I would also clearly state to CAS and the Ontario government that they need to provide support immediately. If I had to hire a lawyer to make that happen, I would do it before we left the courthouse.
The reality for many new families is that adopted children and youth often struggle with undiagnosed special needs, attachment disorder, FASD (fetal alcohol spectrum disorder) and mental health issues. That often requires years of intervention and therapy.
Many of the adoptive parents I know quit their jobs so that only one parent worked. The loss of income is dramatic and a huge stressor on new adoptive parents, which puts families at risk.
We have spent years advocating for educational, psychiatric and learning assessments. Our limited health care benefits in my family cover none of that. If you’re in my situation now, please note that you could expect lengthy waitlists for essential services, and invoices may amass that are now paid out of your grocery budget.
You might think so what? You chose to adopt. And yes, we did.
But that again is not the issue. When parents need to quit jobs to be able to parent, and they lose benefits and spend hours of every week hunting down support covered by OHIP, negotiating waitlists and more, I see that as unsustainable.
Kids don’t choose to be put into care, to be adopted, and they certainly don’t choose trauma, attachment issues, mental and physical illnesses.
What do you do if the deck feels stacked against you? Embolden your kids to be health care self-advocates like this mom did.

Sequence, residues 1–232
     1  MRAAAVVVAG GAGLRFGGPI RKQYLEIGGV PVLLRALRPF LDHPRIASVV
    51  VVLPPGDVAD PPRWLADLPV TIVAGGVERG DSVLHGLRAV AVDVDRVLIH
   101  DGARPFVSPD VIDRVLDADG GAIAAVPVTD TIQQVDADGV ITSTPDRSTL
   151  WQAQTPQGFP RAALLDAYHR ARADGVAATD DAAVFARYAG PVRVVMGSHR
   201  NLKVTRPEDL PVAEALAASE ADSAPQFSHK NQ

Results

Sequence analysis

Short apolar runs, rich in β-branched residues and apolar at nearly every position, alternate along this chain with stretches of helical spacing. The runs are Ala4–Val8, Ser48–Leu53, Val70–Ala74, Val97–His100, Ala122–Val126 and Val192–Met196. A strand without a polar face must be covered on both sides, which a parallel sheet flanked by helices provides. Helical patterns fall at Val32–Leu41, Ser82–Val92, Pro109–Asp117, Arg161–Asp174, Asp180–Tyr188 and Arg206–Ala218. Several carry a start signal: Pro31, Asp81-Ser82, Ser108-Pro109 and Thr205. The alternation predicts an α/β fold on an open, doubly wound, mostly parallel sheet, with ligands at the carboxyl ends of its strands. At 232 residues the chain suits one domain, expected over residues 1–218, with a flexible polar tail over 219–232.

If This Sounds Like You
If you are going through the process right now, do your due diligence.
Get all the information you can in preparation. Gather every last detail about their birth family, as one day they will want it. Get photos where possible. Not all adoptions are open and sometimes the lack of information is a hard pill for a child to swallow.
Ask for copies of everything in their files. It will help when you are seeking answers should a medical issue come up at any point in the future. Ask children’s aid, or the adoption agency, to be a partner in finding therapy and treatment for your child. Get the commitment in writing. This costs the government agency much less than the burden of a child returning to foster care, or adoption disruption.
Connect with other adoptive parents immediately and maintain those connections. They will be a lifeline for everyone. It costs nothing to find those people, and when your family and your neighbours are all questioning why you adopted at all, they will be there to commiserate and help solve problems.
Peer supports are the best at providing real concrete answers, such as which child psychiatrist understands adoption and also FASD — information that was important for our family.
I also advise getting to know the law. Read about permanency so that you can answer your child’s questions confidently when they ask (and they often will): “Can my birth family show up one day and take me?”
Join a few adoption advocacy groups, get on their email lists and bookmark them now.
Here are three I recommend, but there are more. They help by offering advocacy tips and letting you know what is possible. If you need financial assistance to support your child, they can answer questions about that process.
- NACAC.org is a North American organization that advocates, supports, educates and inspires so that every adoptive family thrives and every youth in foster care finds a permanent and loving, culturally competent home.
- Adopt4Life in Ontario is a newer organization with a growing body of resources in Ontario. They advocate and provide guidance for caregivers, kin and adoptive families.
- AdoptOntario provides education, webinars and more for youth and caregivers.
Adoption is a lifelong process, not a date on a calendar. It will be so much harder than you thought and yet also truly rewarding. Your family will probably need more support over a lifetime than others typically do. Stack the deck in favour of success for all of you. Take the rose-coloured glasses off before you leave court and create a roadmap for success.